more morally based policy was a key element in reconciliation with Poland, which was
preceded by Willy Brandt’s famous Kniefall in December 1970 at the site of the Warsaw
Ghetto Uprising memorial in a dramatic acknowledgement of the scale of German crimes.
It is for obvious reasons a key element in German reconciliation with Israel.
The other explanation places it in a tradition of rational statecraft. It is important to
recall how weak and circumscribed the infant Federal Republic was. Its external trade
was governed by a dense network of discriminatory provisions symbolized by the Inter-
national Authority of the Ruhr. Removal of these obstacles was an existential necessity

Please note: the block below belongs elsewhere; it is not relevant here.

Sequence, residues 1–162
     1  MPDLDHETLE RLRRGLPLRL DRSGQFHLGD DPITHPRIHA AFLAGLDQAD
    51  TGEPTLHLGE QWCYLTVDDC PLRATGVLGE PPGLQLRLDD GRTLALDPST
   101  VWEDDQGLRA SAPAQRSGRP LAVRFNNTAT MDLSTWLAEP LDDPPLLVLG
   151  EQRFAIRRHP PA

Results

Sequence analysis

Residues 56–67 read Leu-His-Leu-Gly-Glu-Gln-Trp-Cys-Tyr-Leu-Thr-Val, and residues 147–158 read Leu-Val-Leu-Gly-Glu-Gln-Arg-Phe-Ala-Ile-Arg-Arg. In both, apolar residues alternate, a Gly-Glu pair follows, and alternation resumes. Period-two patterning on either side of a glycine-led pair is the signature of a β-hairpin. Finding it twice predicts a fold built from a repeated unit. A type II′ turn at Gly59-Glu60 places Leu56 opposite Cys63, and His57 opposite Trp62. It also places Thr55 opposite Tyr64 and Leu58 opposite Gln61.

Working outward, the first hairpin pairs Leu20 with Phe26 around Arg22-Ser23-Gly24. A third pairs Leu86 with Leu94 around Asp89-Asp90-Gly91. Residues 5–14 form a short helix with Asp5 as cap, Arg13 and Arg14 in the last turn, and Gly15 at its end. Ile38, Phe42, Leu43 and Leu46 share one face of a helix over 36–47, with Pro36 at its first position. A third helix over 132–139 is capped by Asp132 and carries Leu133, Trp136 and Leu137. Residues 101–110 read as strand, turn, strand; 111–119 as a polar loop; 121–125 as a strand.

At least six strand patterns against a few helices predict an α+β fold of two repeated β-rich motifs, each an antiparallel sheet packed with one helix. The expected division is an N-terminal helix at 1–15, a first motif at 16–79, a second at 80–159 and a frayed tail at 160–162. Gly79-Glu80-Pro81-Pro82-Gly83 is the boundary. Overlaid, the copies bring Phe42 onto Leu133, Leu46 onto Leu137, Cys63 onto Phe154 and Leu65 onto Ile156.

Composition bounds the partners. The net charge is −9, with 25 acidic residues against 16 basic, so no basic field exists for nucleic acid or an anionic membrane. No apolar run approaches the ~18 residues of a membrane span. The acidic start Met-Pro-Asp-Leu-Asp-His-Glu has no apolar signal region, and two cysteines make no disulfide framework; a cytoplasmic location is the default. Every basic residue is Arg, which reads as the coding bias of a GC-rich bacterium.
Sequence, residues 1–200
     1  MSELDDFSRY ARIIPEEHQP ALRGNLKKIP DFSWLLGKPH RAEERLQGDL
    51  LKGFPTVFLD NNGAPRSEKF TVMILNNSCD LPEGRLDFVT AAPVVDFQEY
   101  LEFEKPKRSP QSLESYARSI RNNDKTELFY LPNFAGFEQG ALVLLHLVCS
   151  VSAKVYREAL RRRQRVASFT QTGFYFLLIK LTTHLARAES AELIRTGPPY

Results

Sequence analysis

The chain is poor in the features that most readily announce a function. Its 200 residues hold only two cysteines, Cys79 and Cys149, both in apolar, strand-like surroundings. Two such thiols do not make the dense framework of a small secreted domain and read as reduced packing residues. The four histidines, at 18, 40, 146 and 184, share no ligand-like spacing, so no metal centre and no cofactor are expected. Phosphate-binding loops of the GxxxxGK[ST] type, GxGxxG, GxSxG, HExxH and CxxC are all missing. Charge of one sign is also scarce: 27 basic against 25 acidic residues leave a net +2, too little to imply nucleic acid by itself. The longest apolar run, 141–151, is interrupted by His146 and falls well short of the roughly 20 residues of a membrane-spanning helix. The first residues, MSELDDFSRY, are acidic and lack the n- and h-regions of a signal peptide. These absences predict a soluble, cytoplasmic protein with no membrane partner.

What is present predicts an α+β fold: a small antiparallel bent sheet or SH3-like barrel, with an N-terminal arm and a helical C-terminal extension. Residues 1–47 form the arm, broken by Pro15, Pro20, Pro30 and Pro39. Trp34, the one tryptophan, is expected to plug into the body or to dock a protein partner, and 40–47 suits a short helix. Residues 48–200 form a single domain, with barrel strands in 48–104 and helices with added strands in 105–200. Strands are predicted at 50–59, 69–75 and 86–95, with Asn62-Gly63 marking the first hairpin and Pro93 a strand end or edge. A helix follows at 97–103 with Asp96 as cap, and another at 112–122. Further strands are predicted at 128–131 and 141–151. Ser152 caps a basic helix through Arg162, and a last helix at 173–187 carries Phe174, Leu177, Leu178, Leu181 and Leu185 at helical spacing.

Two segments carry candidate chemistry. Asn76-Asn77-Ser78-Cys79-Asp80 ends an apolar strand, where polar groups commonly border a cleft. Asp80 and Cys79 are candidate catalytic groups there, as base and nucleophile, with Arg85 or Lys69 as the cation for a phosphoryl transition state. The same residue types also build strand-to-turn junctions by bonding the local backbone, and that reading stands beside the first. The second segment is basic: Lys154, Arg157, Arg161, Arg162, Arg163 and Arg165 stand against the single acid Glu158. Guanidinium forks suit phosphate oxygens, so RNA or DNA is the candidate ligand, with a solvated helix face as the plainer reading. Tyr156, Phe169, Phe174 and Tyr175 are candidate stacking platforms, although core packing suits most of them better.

for the Federal Republic, which was heavily dependent on exports. France held the keys to the lifting of the restrictions. There was no alternative to reconciliation with France and partnership at a European level if France were to agree to the lifting of the trade restric-tions. More widely West Germany was vitally dependent on the United States and this dependence necessarily entailed reconciliation with Israel. It has remained an important element in German foreign policy. The emphasis that Chancellor Merkel gives to recon-ciliation with Israel is very striking. Reconciliation with Poland and Czechoslovakia was a precondition of unification.A policy of reconciliation, so well covered in this volume, was conceived in a weak, divided semi-sovereign Germany. Germany is now by common consent the leading power in the European Union, perhaps even ‘the reluctant hegemon’ in the eurozone (see Paterson, ‘The reluctant hegemon? Germany moves centre stage in the European Union’, Journal of Common Market Studies , ). Historical memories which underpinned reconciliation are now fading. This raises the question as to its continued significance. Clearly, in the Israeli case, it will always remain central. It remains important in the Franco-German case and looks like receiving some added impetus under the new coalition government but the defining element in the relationship is the diering strengths of the two economies. Poland is now a rising self-confident power in the European Union and the current Polish govern-ment is less concerned with working through the past than with engaging fully in the European Union. Both Poland and the Czech Republic are massive recipients of German investment.The role of various non-governmental institutions, especially the churches, played a really important role in changing opinion within Germany. With a very large number of expellees, the Federal Republic might have been subject to the revanchist strains that plagued the Weimar Republic; the expellee organizations were an important ‘veto player’ on West German foreign policy until the Ostpolitik years. In helping to bed down reconcili-ation among the population at large, these non-governmental institutions performed an enormously valuable service and helped ensure that in contrast to some other states, the nationalist right is vanishingly small in the Federal Republic. The valuable role played by reconciliation in Germany is in stark relief to the Japanese experience, where its absence, also analysed by Feldman, has left a worrying legacy.